Here is another meditation from Mala of the Heart, this one from Tukaram of India.
I spend a lot of time with teenagers, both the ones in my home and the ones in my classroom. I sometimes wish to share the guidance inherent in this poem with them, and maybe with everyone else, too, but then everyone would know the secret of teaching.
I could not lie anymore so I started to call my dog
First he looked
then he started smiling, then he even
I kept at it: now he doesn’t even
I am wondering if this
might work on
Tukaram (1608-1649) was born in a small village in western India to a family that sold produce. When he was thirteen, both his parents died, leaving him responsible for supporting his remaining family. Years later, after losing his first wife and children to famine, Tukaram retreated within and began to receive visits from Krishna. In the dream state he also received instructions to write divine poetry. His writings led to persecution by Brahmin priests and pundits. Tukaram became increasingly God absorbed, retreating to caves in the hills near his village and singing and dancing in the streets. He is said to have walked off alone one day, never to be seen again.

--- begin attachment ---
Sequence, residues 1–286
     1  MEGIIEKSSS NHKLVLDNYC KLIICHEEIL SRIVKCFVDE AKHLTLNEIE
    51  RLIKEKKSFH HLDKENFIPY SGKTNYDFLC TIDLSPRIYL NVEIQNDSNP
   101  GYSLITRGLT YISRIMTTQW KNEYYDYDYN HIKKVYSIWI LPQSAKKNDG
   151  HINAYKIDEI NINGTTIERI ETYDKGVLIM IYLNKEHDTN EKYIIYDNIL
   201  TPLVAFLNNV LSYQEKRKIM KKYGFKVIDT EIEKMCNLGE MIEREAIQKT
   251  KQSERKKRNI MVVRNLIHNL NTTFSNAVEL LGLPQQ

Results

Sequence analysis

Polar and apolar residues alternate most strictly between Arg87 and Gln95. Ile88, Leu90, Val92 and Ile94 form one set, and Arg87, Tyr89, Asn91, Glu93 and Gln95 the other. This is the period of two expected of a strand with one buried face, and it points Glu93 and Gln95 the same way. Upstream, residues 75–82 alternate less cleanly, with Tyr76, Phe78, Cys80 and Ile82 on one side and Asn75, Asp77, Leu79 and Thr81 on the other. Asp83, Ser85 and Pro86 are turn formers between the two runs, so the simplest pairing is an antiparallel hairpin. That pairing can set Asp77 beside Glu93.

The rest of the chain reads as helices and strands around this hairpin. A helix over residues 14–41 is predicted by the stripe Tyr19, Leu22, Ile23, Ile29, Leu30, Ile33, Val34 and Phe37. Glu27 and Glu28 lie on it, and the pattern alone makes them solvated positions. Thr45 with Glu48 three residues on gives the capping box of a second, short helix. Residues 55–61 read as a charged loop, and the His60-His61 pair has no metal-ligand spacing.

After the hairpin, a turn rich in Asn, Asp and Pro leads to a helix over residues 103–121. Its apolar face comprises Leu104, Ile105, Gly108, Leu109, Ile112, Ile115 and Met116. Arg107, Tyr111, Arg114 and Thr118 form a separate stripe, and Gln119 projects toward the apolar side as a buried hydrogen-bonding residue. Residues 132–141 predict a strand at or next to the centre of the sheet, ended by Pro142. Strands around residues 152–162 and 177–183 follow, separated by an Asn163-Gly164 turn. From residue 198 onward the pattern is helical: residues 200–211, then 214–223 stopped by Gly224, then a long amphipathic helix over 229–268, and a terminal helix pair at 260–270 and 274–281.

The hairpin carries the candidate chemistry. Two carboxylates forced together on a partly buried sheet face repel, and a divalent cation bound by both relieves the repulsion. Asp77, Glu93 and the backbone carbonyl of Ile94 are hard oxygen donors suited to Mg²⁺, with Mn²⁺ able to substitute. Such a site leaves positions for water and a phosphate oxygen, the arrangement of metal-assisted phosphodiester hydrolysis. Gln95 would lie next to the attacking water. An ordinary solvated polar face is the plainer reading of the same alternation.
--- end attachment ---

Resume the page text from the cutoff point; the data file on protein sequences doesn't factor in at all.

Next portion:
Biographical information respectfully quoted from Mala of the Heart: 108 Sacred Poems, edited by Ravi Nathwani and Kate Vogt.
2 thoughts on “National Poetry Month 2023: Day 17”
I cannot say how much I love this. And you!
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Likewise, habibti! 🙂